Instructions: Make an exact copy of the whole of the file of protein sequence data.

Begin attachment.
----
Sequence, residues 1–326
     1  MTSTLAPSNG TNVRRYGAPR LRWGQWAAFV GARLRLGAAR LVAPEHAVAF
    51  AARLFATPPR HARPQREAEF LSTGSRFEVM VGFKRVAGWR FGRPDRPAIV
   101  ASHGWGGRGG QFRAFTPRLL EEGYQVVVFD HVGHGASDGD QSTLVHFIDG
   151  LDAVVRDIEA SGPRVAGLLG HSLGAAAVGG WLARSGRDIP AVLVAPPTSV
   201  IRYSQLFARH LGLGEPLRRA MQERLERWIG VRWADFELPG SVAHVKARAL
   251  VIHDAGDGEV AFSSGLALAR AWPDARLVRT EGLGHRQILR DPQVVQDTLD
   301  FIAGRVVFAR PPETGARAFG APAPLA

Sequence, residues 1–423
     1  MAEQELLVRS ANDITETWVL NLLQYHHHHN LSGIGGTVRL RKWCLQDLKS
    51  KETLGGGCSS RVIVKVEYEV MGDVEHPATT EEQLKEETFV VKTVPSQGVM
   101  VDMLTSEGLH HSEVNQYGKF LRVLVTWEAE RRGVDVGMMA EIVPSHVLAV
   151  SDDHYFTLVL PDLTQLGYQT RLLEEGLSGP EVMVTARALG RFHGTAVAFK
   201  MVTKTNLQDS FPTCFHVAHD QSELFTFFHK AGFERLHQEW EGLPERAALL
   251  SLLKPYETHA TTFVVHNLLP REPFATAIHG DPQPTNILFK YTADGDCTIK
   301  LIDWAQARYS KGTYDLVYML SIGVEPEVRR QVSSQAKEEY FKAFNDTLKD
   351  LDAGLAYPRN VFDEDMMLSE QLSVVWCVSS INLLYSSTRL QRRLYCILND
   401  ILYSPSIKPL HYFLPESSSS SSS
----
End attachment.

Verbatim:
Sequence, residues 1–326
     1  MTSTLAPSNG TNVRRYGAPR LRWGQWAAFV GARLRLGAAR LVAPEHAVAF
    51  AARLFATPPR HARPQREAEF LSTGSRFEVM VGFKRVAGWR FGRPDRPAIV
   101  ASHGWGGRGG QFRAFTPRLL EEGYQVVVFD HVGHGASDGD QSTLVHFIDG
   151  LDAVVRDIEA SGPRVAGLLG HSLGAAAVGG WLARSGRDIP AVLVAPPTSV
   201  IRYSQLFARH LGLGEPLRRA MQERLERWIG VRWADFELPG SVAHVKARAL
   251  VIHDAGDGEV AFSSGLALAR AWPDARLVRT EGLGHRQILR DPQVVQDTLD
   301  FIAGRVVFAR PPETGARAFG APAPLA

Sequence, residues 1–423
     1  MAEQELLVRS ANDITETWVL NLLQYHHHHN LSGIGGTVRL RKWCLQDLKS
    51  KETLGGGCSS RVIVKVEYEV MGDVEHPATT EEQLKEETFV VKTVPSQGVM
   101  VDMLTSEGLH HSEVNQYGKF LRVLVTWEAE RRGVDVGMMA EIVPSHVLAV
   151  SDDHYFTLVL PDLTQLGYQT RLLEEGLSGP EVMVTARALG RFHGTAVAFK
   201  MVTKTNLQDS FPTCFHVAHD QSELFTFFHK AGFERLHQEW EGLPERAALL
   251  SLLKPYETHA TTFVVHNLLP REPFATAIHG DPQPTNILFK YTADGDCTIK
   301  LIDWAQARYS KGTYDLVYML SIGVEPEVRR QVSSQAKEEY FKAFNDTLKD
   351  LDAGLAYPRN VFDEDMMLSE QLSVVWCVSS INLLYSSTRL QRRLYCILND
   401  ILYSPSIKPL HYFLPESSSS SSS